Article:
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Workflow: Getting one out of two to approve…

January 11, 2006

Yesterday a colleague asked me a question about a simple scenario in Captaris Workflow. Here it is: You have a simple workflow with 4 steps. The first leads to two in parallel, then both of those lead to the fourth. The two in parallel are approvers, perhaps of a document. You only need one approval to move forward. By default, Workflow requires approval from both to move forward, so how can you arrange it so only the one approval is required? It all comes down to the Business Rule Action.

First of lets create our test workflow. I drag and drop four webform tasks onto the canvas and name them First Task through Fourth Task. Now link all the tasks as shown:

Now create two webforms. One should just be the basic default form with the submit buttons. For the other, add a pair of radio buttons in the same group, and label them True and False. Create a single XML element called Approved, then bind that to the True Radio Button. Drag and drop the basic webform to the First and Fourth tasks and the other one to the Second and Third tasks. Note that so far we have done NO coding, just drag and drop, and clicking a few times.

If we run the workflow now, nothing special will happen. When we approve the second task, the workflow will wait for the third task to complete, but that’s not what our scenario demanded. So now we need to add an action to both the Second and Third tasks. From the Toolbox, drag and drop the Business Rule Action to the Complete event on those two tasks. Specify that the Business Rule should check to see if the Approved XML element has been set to True. Now here comes our one line of code. Right-click on the canvas and choose the script view. For the code block for the Second Task Complete event, add the following line:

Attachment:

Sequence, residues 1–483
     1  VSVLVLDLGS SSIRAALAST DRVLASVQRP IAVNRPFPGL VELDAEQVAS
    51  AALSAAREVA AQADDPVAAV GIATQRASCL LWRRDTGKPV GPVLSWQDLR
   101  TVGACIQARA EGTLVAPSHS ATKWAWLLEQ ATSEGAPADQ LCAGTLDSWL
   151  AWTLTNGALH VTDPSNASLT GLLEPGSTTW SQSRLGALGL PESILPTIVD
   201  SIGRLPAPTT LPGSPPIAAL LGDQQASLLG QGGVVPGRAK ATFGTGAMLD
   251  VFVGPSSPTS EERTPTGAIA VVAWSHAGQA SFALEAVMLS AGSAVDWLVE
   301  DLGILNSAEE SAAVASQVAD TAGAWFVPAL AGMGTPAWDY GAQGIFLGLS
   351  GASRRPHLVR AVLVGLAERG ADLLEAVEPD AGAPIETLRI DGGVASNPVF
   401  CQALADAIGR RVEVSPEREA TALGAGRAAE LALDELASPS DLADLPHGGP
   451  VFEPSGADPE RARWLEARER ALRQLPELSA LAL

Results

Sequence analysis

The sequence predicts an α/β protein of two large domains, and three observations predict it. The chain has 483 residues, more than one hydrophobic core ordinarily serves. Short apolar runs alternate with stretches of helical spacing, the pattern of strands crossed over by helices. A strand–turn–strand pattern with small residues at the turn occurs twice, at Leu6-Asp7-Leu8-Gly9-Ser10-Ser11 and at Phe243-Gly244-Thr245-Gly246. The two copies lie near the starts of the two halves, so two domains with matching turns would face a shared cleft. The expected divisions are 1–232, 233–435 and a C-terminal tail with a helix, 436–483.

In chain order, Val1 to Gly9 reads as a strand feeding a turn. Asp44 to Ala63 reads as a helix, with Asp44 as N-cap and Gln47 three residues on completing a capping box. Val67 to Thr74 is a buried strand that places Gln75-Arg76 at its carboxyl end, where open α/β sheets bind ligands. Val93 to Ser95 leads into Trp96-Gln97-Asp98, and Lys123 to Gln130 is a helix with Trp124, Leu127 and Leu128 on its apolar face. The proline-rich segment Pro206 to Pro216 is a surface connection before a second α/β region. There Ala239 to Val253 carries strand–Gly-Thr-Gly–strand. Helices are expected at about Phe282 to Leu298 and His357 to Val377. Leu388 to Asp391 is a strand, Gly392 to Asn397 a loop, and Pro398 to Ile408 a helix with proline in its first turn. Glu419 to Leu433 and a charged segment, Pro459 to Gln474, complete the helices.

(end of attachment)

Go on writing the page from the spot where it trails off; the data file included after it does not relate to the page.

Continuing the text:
Add the corresponding line for the ThirdTask Complete event as well (OK, there are two lines of code, but it’s pretty much the same line so it doesn’t really count).

Now if we run the workflow and choose False on the Second (or Third Task), the other of the two will have to run. If we choose True, then the other task doesn’t have to run and it goes straight to the Fourth task.

This is a simple use of the Business Rule Action. If you look closely at the action that gets dropped on your canvas, you’ll notice a check mark and an x in that little diamond. Try dragging and dropping another action onto either the check or x. If the Business Rule evaluates to True, then it runs the actions under the check (or in our case, runs our single line of code). Otherwise it runs the actions under the x. Pretty cool and so damned easy…

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